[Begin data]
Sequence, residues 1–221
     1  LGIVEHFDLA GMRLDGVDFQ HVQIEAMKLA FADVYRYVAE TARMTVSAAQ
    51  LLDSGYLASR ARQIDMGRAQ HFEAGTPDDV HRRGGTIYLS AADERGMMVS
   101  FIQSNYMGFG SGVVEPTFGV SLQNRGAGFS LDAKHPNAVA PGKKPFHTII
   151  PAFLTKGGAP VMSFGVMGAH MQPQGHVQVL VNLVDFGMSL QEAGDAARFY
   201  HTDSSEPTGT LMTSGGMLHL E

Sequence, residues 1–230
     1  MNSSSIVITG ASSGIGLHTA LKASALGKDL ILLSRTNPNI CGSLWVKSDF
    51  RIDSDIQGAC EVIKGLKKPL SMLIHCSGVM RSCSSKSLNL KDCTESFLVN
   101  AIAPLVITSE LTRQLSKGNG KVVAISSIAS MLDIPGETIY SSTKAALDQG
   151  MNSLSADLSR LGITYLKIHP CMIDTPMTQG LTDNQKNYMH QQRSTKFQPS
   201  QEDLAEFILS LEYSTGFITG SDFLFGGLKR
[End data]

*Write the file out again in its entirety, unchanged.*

Sequence, residues 1–221
     1  LGIVEHFDLA GMRLDGVDFQ HVQIEAMKLA FADVYRYVAE TARMTVSAAQ
    51  LLDSGYLASR ARQIDMGRAQ HFEAGTPDDV HRRGGTIYLS AADERGMMVS
   101  FIQSNYMGFG SGVVEPTFGV SLQNRGAGFS LDAKHPNAVA PGKKPFHTII
   151  PAFLTKGGAP VMSFGVMGAH MQPQGHVQVL VNLVDFGMSL QEAGDAARFY
   201  HTDSSEPTGT LMTSGGMLHL E

Sequence, residues 1–230
     1  MNSSSIVITG ASSGIGLHTA LKASALGKDL ILLSRTNPNI CGSLWVKSDF
    51  RIDSDIQGAC EVIKGLKKPL SMLIHCSGVM RSCSSKSLNL KDCTESFLVN
   101  AIAPLVITSE LTRQLSKGNG KVVAISSIAS MLDIPGETIY SSTKAALDQG
   151  MNSLSADLSR LGITYLKIHP CMIDTPMTQG LTDNQKNYMH QQRSTKFQPS
   201  QEDLAEFILS LEYSTGFITG SDFLFGGLKR